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The Independent Critic

Jason Farrell
51 Mins.
FilmWorks Entertainment
Behind-the-Scenes Featurette; Trailer; Photo Gallery

 "Running With Bulls" Explores Pamplona's Most Controversial Tradition 
In his 1926 novel The Sun Also Rises, author Ernest Hemingway introduced Americans to el encierro, the Running of the Bulls, an event that is considered by most to be the culmination of the San Fermin Festival. Each morning for seven days, six fighting bulls will race through the narrow streets of the normally sleepy town of Pamplona surrounded by thousands of thrill-seekers from all over the world.

Participation in el encierro is not for the timid or easily frightened. While safety measures are taken and emergency medical crews are always nearby, Pamplona's Bull Run is said to have taken 15 lives since records started being kept in 1924 while a good 200-300 people are injured, some quite seriously, in the event each year.

In his stellar documentary Running With Bulls, writer/director Jason Farrell, a journalist from the U.K.'s Sky News, explores both the passion and the controversies that surround Pamplona's Bull Run, an event that seems to attract more and more attention each year from animal rights activists who protest in increasingly large numbers over the time-honored tradition of the afternoon bullfight that follows each day's morning run with the bulls being ritually slaughtered by Matadors in a large stadium jam-packed with 20,000+ cheering fans.

The San Fermin Festival in Pamplona has its roots in the 14th century, and by 1591 was firmly planted as a July festival to take advantage of Pamplona's festival friendly weather during the month. While it's certainly experienced many changes over the years, the festival is at its very essence a festival that weaves together the city's cultural heritage, commitment to family and religious traditions into a week-long festival celebrating life and shared history.

While the San Fermin Festival is wildly popular in Spain, it is the Pamplona Bull Run that has captured the hearts and imaginations of the entire world largely owing to Hemingway's romanticizing of both the festival and the Bull Run. There are other Bull Runs around the world, even in the United States. However, none has captured the heart and soul of a people like the Bull Run in Pamplona.

Through visual imagery, a captivating narration and straightforward yet well informed interviews, Farrell has beautifully captured the heart and soul of what it means to run with bulls while surrounded by thousands of other risk-takers, spiritual seekers and adrenaline junkies in an event that emphasizes communal spirit and camaraderie over personal achievement and competition. While certainly those who participate in the Running of the Bulls have a goal to finish the event unscathed, the simple truth is that this may be one of the few sporting events where the journey is of far greater importance than the destination.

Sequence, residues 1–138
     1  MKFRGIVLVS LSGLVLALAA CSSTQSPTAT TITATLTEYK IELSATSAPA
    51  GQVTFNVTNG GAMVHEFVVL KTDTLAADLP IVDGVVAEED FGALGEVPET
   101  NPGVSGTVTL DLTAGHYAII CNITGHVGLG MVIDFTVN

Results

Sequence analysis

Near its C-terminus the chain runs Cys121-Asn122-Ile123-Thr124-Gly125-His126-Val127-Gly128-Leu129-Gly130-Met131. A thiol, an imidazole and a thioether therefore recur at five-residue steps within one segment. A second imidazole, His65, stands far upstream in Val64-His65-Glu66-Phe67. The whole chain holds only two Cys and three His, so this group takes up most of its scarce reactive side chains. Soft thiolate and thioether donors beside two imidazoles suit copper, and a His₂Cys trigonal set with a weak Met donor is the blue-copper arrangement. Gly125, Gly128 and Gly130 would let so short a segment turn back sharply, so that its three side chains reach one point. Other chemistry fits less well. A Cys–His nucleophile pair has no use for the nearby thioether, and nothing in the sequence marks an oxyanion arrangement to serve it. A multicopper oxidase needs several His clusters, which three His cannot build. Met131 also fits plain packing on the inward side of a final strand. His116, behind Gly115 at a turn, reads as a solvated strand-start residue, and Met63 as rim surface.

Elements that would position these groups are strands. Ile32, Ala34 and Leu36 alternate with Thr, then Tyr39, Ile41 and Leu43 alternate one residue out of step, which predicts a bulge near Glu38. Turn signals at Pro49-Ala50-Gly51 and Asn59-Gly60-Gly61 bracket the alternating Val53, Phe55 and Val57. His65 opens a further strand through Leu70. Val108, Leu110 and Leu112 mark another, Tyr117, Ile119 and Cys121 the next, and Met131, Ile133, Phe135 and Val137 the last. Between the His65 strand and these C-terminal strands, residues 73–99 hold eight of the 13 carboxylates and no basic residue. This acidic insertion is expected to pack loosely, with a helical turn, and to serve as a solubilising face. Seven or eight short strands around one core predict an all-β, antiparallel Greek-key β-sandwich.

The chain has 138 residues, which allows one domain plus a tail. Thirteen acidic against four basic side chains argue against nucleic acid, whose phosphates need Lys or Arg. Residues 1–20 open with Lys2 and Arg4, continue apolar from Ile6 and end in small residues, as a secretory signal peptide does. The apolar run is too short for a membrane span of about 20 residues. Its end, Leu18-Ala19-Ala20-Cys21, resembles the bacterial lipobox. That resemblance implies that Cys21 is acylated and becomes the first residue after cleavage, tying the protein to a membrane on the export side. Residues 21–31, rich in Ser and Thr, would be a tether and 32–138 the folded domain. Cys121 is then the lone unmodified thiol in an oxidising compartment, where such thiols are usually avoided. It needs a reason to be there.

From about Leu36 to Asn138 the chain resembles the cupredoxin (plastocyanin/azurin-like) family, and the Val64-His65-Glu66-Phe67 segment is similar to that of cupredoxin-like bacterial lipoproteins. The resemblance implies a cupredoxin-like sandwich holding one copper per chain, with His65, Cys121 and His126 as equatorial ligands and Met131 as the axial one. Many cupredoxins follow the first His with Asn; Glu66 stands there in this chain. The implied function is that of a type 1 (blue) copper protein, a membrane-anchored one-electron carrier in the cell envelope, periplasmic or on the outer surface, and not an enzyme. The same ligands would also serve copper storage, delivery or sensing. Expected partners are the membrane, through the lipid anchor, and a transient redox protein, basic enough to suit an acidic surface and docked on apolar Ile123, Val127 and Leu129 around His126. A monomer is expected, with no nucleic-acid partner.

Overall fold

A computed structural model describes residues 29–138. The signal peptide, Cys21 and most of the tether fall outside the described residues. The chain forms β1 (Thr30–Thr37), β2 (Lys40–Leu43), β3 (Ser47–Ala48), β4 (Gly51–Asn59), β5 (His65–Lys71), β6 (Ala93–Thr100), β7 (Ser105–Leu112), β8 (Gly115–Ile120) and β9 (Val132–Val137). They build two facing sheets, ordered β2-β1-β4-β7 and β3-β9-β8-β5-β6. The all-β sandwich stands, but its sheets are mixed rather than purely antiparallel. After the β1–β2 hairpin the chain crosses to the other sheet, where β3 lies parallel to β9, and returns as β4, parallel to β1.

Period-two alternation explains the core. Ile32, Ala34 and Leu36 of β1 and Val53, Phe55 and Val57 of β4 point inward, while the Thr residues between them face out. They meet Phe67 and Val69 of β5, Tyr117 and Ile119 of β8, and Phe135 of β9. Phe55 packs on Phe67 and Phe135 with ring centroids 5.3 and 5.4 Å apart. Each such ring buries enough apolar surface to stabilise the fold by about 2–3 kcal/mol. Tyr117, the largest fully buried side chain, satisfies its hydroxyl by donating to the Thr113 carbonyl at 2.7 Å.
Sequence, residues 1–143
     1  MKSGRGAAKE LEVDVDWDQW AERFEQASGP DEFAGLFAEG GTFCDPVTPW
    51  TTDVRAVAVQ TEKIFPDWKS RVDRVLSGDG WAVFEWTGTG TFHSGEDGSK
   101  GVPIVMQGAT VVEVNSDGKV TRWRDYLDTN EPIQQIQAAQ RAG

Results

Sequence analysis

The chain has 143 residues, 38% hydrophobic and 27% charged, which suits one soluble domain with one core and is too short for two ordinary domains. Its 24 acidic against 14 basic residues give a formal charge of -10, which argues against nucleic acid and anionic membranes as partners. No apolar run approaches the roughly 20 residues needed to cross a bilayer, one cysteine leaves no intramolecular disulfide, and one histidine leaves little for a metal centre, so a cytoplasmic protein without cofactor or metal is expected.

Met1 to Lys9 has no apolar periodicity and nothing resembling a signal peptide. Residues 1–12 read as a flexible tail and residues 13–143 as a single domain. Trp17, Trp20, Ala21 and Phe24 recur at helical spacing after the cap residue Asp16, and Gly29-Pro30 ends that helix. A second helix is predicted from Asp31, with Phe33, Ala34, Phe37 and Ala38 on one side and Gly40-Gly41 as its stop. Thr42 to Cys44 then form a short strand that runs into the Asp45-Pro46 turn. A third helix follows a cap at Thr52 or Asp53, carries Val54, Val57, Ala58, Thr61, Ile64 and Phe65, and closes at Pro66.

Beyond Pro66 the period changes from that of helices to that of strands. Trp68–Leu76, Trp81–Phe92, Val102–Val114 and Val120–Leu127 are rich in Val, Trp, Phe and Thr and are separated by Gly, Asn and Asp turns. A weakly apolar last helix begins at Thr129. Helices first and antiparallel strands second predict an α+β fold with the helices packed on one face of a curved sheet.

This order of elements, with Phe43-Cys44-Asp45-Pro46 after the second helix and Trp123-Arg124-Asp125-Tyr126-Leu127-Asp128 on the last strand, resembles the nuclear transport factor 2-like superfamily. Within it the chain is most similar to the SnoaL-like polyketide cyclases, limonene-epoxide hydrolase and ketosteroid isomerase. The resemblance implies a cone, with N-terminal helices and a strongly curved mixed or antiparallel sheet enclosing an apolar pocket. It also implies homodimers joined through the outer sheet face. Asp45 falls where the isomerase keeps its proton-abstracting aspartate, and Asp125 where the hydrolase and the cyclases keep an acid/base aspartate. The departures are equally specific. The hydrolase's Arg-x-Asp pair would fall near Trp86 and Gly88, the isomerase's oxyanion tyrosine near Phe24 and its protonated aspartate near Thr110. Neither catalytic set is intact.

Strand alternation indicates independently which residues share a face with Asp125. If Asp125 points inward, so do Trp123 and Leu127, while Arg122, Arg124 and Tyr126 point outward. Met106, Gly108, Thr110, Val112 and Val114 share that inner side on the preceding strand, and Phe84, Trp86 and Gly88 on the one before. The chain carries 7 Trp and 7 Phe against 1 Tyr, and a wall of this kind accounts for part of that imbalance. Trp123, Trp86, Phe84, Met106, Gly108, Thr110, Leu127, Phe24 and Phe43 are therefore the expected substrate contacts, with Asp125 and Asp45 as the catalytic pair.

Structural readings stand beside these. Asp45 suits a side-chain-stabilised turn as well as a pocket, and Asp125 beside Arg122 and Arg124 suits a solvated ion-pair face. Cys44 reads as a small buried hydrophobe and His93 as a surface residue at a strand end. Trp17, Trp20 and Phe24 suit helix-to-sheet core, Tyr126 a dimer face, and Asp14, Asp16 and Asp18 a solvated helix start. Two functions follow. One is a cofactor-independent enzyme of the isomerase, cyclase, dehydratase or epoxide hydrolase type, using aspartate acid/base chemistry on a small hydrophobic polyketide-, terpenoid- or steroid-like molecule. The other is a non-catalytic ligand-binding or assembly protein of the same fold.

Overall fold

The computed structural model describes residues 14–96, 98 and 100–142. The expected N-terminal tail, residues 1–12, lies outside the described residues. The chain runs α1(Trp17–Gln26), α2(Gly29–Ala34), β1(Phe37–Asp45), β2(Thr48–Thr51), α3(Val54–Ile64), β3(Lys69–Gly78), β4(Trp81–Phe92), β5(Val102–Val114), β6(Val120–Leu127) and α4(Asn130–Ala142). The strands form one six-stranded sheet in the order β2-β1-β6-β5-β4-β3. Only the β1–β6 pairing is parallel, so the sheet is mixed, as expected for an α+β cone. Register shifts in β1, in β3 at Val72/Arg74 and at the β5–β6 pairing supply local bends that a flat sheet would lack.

Running With Bulls benefits greatly from the pristine and natural camera work of Adam Cottam and Paul Mackeson, who lens the film wisely by avoiding unnecessary dramatics and trick shots in favor of the inherently dramatic stories themselves. The film is edited quite naturally by Andre Rosso, whose sense of timing allows the more dramatic moments to unfold without feeling rushed or forced. Farrell also includes within the film an abundance of archival footage from past Pamplona Bull Runs, events that unfold in grainier, less pristine footage yet still with remarkably dramatic impact.

Farrell also does a nice job of balancing his portrait of the Pamplona Bull Run by passionately presenting both the rich history behind the event and the growing controversy that threatens to derail its continuation. While it seems rather apparent that Farrell has an obvious affection the event and its participants, he doesn't take lightly the important questions of how such an event can continue to exist in a world where insurance seems to rule the world and where the intentional killing of the bulls in question at event's end seems particularly and unnecessarily brutal.

To his credit, Farrell doesn't try to serve up any easy answers during the 51-minute running time of Running with Bulls, but instead serves as a facilitator of the discussion. How do we honor cultural traditions while acknowledging that times change? Is it possible to have an event such as the Pamplona Bull Run? Is there a way for the event to accomplish the seemingly conflicted tasks of honoring a rich cultural heritage while also protecting both its human and animal participants?

Does it even matter? While the protestors have grown in numbers, thousands of participants still show up each year for the Bull Run and, at least for now, the voices supporting the event remain far louder than those who oppose it.

Running with Bulls has been picked up by FilmWorks Entertainment for release on all platforms including DVD and iTunes with a street date of October 16, 2012. The DVD extras will include a behind-the-scenes featurette, the film's trailer and a photo gallery. For those who've long found themselves drawn to the almost otherworldly mystique that surrounds the Pamplona Bull Run, Jason Farrell's Running with Bulls is an opportunity to experience the event vividly yet from the safety of your own home. For more information or to pre-order the film, visit the link listed in the credits.

© Written by Richard Propes
The Independent Critic